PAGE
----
Friday, August 15, 2008

Greenspan Wants More Educated Immigrants

According to yesterday's WSJ (8/14/08, David Wessel, A1), Greenspan agrees with my pro-immigration views, at least with respect to educated immigrants:

"The most effective initiative, though politically difficult, would be a major expansion in quotas for skilled immigrants," he said...

"Perhaps 150,000 of [new households] are loosely classified as skilled...A doubling or tripling of this number would markedly accelerate the absorption of unsold housing inventory for sale--and hence stabilize prices."


So far, so good; however, the Journal makes a mistake when it tries to do its own analysis:

The only sustainable way to increase demand for vacant houses is to spur the formation of new households. Admitting more skilled immigrants, who tend to earn enough to buy homes would accomplish that...

The Journal doesn't seem to understand that skilled immigrants mainly come to the States by way of H1-B visas and would settle in already-strong economic areas, such as San Jose, San Francisco, Chicago, and other large, diverse cities.

The housing crisis is mainly in places where mortgage brokers and lenders granted credit to low-income employees or workers with unsteady incomes.

Las Vegas, NV is a prime example. Although Vegas is a strong union town, too many uneducated people entered the market with hopes of making it to the middle-class. The city simply couldn't absorb all of its new entrants. As for attracting educated foreigners, how many M.A.s in Physics does a casino need?

Stockton, CA and Merced, CA have become notorious for their high rate of foreclosures. Their residents are mainly non-college-educated workers. While that situation may change because of the new UC in Merced, for now, if you have a PhD in engineering, would you end up in Merced, CA or San Jose, CA? (And yes, that's a rhetorical question.)

When residents bought homes outside but near Boulder and Denver, Colorado, they forgot the law of supply and demand. When you live near cities with only 1/2 million (Denver) and 100,000 (Boulder) residents, there's not enough demand to justify a large, immediate increase in supply. While Denver does have Qwest and ProLogis, there aren't enough companies there to sustain an inflow of high tech talent. In contrast, in Santa Clara County, I get lost driving in Sunnyvale because there are so many little streets that lead to massive warehouses filled with tech companies I've never heard of.

Greenspan is still correct in his pro-immigration view, but there's a missing step. We need companies to open new branches outside of the major cities. Perhaps if the government changed the H1B program to increase the cap on companies willing to place educated workers in mid-sized or smaller cities, educated immigrants could be a boon to overlooked cities suffering from the economic downturn.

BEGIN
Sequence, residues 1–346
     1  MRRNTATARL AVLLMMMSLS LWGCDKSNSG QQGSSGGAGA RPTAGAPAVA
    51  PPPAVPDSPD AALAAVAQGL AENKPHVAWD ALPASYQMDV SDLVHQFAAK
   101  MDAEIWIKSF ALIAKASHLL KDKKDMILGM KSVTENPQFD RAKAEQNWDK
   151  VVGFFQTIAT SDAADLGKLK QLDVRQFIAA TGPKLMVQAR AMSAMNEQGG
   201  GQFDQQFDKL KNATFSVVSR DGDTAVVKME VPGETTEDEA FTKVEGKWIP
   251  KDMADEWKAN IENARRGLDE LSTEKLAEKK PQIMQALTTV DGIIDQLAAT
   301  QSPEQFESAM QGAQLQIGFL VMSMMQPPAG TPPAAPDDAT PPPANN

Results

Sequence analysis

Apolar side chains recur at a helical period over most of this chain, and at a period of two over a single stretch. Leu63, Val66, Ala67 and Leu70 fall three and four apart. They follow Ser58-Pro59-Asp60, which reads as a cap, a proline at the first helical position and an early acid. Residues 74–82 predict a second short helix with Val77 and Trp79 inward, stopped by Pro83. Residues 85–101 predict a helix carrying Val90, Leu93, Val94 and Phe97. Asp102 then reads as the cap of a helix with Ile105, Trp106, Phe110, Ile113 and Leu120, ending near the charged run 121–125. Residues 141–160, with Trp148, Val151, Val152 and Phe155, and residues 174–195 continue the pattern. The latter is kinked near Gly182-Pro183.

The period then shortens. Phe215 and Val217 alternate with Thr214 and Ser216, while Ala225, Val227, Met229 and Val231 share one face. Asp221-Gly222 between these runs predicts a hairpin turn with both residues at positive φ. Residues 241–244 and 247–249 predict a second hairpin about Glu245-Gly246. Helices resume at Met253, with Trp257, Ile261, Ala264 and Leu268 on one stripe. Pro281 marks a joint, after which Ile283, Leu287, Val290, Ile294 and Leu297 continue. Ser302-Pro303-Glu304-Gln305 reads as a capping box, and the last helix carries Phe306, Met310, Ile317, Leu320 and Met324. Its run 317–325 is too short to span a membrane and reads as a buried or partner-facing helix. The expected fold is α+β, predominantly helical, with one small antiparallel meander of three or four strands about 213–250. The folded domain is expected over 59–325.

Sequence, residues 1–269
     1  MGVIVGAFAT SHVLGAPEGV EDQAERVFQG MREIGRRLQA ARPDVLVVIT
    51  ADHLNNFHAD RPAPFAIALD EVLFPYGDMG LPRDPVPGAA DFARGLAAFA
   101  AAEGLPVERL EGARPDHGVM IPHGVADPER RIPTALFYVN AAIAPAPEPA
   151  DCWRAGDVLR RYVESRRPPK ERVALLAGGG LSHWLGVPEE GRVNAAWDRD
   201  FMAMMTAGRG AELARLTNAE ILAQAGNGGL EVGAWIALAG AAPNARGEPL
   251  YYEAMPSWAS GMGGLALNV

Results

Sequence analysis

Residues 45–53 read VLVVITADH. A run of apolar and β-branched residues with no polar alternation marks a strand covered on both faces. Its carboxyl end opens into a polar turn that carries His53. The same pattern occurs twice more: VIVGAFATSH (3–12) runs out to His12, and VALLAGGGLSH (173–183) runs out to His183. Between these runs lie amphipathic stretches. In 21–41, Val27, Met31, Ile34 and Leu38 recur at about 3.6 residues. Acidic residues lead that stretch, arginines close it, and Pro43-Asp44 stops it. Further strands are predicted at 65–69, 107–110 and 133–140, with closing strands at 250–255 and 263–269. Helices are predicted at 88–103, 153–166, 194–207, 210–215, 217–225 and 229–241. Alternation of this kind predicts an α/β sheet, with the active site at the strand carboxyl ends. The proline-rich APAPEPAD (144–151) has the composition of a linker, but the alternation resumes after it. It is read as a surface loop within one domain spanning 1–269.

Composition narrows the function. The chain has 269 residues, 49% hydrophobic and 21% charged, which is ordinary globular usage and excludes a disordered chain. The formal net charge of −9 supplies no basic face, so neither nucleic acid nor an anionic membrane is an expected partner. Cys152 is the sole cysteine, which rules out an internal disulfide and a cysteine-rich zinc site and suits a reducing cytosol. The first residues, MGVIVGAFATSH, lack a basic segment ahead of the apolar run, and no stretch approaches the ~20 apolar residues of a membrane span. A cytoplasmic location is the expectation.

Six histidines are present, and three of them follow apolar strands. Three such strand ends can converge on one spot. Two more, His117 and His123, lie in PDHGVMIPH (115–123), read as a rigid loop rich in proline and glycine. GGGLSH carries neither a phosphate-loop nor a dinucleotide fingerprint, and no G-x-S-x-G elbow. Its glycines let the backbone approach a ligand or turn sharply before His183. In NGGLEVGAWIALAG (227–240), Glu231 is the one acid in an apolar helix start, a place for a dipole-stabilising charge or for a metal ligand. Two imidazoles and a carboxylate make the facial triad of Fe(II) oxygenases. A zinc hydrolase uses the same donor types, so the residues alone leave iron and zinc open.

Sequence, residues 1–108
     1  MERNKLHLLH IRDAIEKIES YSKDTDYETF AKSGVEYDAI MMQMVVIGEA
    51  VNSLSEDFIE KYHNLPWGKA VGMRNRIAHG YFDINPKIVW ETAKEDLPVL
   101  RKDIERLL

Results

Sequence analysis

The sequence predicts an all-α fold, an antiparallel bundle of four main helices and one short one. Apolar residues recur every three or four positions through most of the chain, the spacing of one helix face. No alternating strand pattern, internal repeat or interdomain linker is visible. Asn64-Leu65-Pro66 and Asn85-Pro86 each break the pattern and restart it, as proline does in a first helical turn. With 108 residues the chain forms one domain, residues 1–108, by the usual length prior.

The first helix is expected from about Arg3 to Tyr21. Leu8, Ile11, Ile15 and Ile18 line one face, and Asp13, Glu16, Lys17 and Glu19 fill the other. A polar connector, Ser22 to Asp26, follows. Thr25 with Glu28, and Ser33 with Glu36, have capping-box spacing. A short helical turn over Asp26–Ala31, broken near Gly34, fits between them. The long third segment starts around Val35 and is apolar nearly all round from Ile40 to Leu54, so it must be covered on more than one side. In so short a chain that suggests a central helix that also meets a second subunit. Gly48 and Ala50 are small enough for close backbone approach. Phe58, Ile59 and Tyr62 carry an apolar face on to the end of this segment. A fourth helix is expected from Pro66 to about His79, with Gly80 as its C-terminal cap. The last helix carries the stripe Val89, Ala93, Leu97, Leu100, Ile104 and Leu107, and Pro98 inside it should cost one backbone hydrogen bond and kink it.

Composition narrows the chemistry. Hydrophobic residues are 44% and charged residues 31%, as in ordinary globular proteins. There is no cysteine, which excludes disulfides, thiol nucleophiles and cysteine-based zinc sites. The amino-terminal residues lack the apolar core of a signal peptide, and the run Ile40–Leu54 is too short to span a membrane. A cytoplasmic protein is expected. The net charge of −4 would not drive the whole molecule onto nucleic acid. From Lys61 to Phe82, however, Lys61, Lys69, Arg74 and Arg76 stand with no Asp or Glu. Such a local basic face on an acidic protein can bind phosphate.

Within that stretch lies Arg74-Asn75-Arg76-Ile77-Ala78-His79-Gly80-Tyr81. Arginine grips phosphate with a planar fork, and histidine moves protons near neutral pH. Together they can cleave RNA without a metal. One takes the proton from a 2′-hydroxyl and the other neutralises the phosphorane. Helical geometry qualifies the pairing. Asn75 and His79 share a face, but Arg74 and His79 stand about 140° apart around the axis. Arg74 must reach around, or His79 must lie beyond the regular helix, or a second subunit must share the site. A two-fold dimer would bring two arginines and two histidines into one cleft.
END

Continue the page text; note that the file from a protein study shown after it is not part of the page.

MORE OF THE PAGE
Greenspan has recovered some of his credibility--he said this in November 2002:

It's hard to escape the conclusion that at some point our extraordinary housing boom...cannot continue indefinitely into the future.

Then again, this is the same person who said this in October 2004:

[Home price declines] "likely would not have substantial macroeconomic implications... (2004)

And this gem comes from October 2006:

I think the worst of this [housing price decline] may well be over. (2006)

At the end of the day, we need more skilled immigrants or immigrants willing to work hard, but the question is where should they go? State governments and smaller to mid-sized cities should be more active in working with national and local corporations to set up the infrastructure necessary to attract foreign talent. It's
a win-win situation for everyone. Local residents and businesses would benefit from higher prices due to increased demand. Foreign talent gets to come to America and make more here than they would elsewhere. I hope the local governments of Merced and Stockton are reading and thinking outside the box--if they don't follow the Rafat Rule ("being pro-immigration necessarily means being pro-capitalism"), more Southern cities like Louisville, KY, will beat them to the punch.

1 comment:

Tara said...

You DO make a really good point which I hadn't considered ... that educated labor doesn't end up in Stockton and Vegas.

I think the issue (immigrant or not) is that getting a loan is difficult these days. So long as people can't get loans and don't have confidence in OTHER people's ability to get loans, people aren't going to buy real estate.

We need to make it possible for people with good credit scores and solid income to be able to get a loan. Mortgages are so tight right now that people aren't able to buy/sell, and it's dragging everything else down.

I wonder what would happen if there were a moratorium on foreclosures and an across-the-board re-adjustment of loans to "affordable" rates. Would people be able to keep their homes and would the mortgage industry stabilize?

I also don't entirely understand why banks keep foreclosing instead of negotiating a fixed, affordable rate solution with their borrowers.